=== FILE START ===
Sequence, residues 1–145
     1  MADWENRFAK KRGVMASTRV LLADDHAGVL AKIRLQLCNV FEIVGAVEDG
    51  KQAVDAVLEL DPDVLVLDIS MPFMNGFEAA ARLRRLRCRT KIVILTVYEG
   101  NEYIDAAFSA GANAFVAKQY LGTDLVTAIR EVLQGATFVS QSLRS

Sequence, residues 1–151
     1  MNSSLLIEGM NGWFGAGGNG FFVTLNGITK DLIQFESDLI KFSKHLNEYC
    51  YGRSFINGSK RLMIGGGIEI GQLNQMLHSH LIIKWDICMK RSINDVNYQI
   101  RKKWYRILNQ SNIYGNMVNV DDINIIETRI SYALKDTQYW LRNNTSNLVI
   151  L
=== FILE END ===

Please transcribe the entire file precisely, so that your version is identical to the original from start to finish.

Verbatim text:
Sequence, residues 1–145
     1  MADWENRFAK KRGVMASTRV LLADDHAGVL AKIRLQLCNV FEIVGAVEDG
    51  KQAVDAVLEL DPDVLVLDIS MPFMNGFEAA ARLRRLRCRT KIVILTVYEG
   101  NEYIDAAFSA GANAFVAKQY LGTDLVTAIR EVLQGATFVS QSLRS

Sequence, residues 1–151
     1  MNSSLLIEGM NGWFGAGGNG FFVTLNGITK DLIQFESDLI KFSKHLNEYC
    51  YGRSFINGSK RLMIGGGIEI GQLNQMLHSH LIIKWDICMK RSINDVNYQI
   101  RKKWYRILNQ SNIYGNMVNV DDINIIETRI SYALKDTQYW LRNNTSNLVI
   151  L